Of course. Quite a few times. I’m like everyone. A lot of champions in a lot of sports ask themselves if they should keep going. And if yes, how? For how long? The balance between family life and professional life? But that’s life! You change as a person, you evolve. Today, I can’t concentrate only on myself and my career. I have two kids and they’re the most important part of my life. Without the slightest doubt. It’s taken me some time to find the right balance: how do you do it? It’s become clearer in the last two months. Before, I had highs and lows. It’s the burden of every athlete on the planet. At bottom, I try to remember to be aware. I play this sport I love and I play it at the highest possible level. There are people on this earth who live in conditions where they have no chance to live their dreams. They weren’t born in the right place, But they’re talented. I know, I come from a country that’s known two wars twenty years ago. All that humbles me. I wouldn’t exchange my life for anyone else’s. I’m just trying to grow.

Why did you chose to recall Marian Vajda to your side? Why at this precise moment? How is he different from other coaches?

[He thinks] I can answer those questions with three words: Simplicity. Clarity. Loyalty. Marian knows who I am, both as a person and as a player. Ten years of working together … When I realised I needed someone to who could help me simplify things, to be very clear about my priorities, Marian was the best possible choice. We share the same dreams. He’s much more than a coach. He’s a friend. He’s shared with me the most extreme experiences on a daily basis. He masters situations. He believes in me. He trusts in me and it’s reciprocal. He’s a man who has values, one of the most positive people I’ve ever met.

That’s far beyond just training sessions.

— Absolutely.

Has he changed the content of your training sessions?

There are always technical details to fix whatever shot we work on. One day, your backhand is impeccable, the next not at all. That’s what practice is for: to maintain a certain level and to feel good on the court. With Marian, we started by going back to basics, to understand well the fundamentals of my game, concentrating on my strong points to bring them back up to the surface. I’ve done it before. We just have to be patient. It takes time to build the body, be confident, be competitive. Marian knows that. I find myself very at ease with him.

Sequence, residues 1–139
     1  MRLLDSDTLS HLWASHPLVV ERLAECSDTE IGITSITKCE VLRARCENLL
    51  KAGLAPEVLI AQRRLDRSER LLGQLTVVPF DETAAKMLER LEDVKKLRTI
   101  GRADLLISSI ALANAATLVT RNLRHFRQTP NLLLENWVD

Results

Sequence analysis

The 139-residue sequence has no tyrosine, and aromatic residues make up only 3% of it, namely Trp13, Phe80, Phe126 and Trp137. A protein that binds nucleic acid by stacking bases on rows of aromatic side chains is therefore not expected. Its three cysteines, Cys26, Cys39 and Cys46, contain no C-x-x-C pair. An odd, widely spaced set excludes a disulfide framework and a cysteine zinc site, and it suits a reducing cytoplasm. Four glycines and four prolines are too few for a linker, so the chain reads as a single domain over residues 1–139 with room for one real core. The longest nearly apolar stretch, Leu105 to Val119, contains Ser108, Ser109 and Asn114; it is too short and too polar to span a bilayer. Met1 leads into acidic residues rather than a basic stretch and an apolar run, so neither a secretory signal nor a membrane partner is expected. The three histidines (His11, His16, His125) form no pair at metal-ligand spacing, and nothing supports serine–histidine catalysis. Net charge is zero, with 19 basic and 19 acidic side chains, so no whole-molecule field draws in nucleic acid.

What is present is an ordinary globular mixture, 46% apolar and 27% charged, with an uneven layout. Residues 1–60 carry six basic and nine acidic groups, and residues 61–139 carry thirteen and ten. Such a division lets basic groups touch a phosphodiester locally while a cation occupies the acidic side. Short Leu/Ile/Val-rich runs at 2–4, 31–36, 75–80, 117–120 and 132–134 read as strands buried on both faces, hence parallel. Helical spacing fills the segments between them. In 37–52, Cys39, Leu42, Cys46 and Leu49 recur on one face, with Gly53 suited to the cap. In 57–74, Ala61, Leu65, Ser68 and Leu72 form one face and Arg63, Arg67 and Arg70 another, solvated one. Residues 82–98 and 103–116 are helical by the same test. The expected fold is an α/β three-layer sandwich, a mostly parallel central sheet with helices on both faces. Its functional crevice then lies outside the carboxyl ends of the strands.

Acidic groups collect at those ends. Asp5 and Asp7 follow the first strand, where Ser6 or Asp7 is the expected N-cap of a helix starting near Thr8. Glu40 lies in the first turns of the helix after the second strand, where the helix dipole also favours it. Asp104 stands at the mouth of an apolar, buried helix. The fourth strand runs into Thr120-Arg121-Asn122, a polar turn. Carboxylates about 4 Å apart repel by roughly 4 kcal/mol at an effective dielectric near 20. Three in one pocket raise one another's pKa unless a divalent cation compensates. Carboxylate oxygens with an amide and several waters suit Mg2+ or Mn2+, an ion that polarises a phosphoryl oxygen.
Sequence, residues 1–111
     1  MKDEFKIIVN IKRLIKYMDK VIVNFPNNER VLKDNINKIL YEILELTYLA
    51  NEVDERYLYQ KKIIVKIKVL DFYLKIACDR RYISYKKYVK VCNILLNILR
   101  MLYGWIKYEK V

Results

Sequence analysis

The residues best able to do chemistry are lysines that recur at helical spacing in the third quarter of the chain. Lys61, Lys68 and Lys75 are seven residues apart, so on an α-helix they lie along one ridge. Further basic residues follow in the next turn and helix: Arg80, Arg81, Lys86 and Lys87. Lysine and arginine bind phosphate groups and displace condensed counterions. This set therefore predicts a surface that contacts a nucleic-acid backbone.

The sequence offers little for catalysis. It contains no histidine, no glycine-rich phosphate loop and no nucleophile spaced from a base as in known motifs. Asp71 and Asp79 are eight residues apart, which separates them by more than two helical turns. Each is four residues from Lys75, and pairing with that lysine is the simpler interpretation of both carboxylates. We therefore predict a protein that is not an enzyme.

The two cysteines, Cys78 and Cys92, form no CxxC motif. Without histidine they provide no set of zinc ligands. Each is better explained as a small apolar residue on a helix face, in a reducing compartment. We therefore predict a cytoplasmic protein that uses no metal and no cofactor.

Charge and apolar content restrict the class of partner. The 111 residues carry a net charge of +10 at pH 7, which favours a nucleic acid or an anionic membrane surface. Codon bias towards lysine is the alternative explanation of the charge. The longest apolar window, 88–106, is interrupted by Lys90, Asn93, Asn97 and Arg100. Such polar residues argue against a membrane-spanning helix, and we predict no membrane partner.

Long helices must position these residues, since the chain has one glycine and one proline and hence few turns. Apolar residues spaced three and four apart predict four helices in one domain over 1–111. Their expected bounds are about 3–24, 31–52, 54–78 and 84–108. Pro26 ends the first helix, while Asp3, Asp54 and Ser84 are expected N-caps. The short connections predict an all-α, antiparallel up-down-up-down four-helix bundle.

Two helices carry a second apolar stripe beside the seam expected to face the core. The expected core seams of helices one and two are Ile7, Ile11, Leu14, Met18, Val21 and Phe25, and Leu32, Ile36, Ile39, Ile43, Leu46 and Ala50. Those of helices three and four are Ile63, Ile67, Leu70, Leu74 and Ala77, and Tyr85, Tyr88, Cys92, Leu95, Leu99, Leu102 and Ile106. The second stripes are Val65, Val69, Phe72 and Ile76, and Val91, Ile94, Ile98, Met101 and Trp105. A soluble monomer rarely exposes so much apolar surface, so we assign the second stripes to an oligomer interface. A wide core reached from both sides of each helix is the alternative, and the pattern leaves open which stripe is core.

Getting back to your elbow problems – in Miami especially, everyone was shocked because they didn’t recognise your backhand any more, your forehand …

Me neither, I didn’t recognise them! [Laughs]

Do you feel better now every day?

Actually, it depends on the day. But on the whole, it’s much better today than it was in Miami, for example. I grew up on clay. I love this surface. I’ve had my best results on hard courts, but Roland Garros is a special place for me. And not only because of my title in 2016. I’ve always had good results here. I can’t even remember when I’ve lost before the second week! [In 2009 when he lost in the 3rd round to Philip Kohlschreiber). The crowd is behind me here. I hope all that all that energy will help me get to the level I want.

What would be a good Roland Garros for you?

I try not to have special expectations. those expectations have been a burden for me for the last five or six months. I know the level I can play at. That’s why the matches in Indian Wells, Miami or Barcelona made things difficult. I didn’t understand it. I started to think about it every single day, to try and improve to reach 100% of what I could do. But, in that regard, I don’t come to a tournament just to participate. I come to win. I hope that my game will fall into place and improve in every round. I hope to put myself in a position to lift the trophy.

 

Translated by MAN

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“I felt at the end of my tether.” Stan Wawrinka, interviewed by @LequipeTestelin in l’Équipe, on the physical and mental fatigue that led to his body breaking down

Translation of the interview with Stan Wawrinka in l’Équipe, print edition Wednesday 10 January 2018, pages 18-19 and online https://abonnes.lequipe.fr/Tennis/Article/Stan-wawrinka-je-me-suis-senti-a-bout/865299 by Régis Testelin.

MONTE CARLO – After five months of suffering, doubt and sweat, who knows if he’ll be able to put on a good performance at the Australian Open? The Swiss hasn’t played since his first round loss against Daniil Medvedev at Wimbledon. In August, he underwent two knee operations, one arthroscopic, another to fix a cartilage hole. Five months later, he’s in Melbourne, where he’s supposed to take part in a “Tie Break Tens” exhibition with Nadal and Djokovic [he withdrew with a shoulder problem – Mark] which might give some indication of his level and perhaps reassure himself. We spent a morning with him in the middle of December at the Monte Carlo Country Club to talk about the injury, overwork and the depression what occasionally hits even the most solid players on the tour.

After three exceptional seasons, your knee gave out. Do you think you pushed too hard?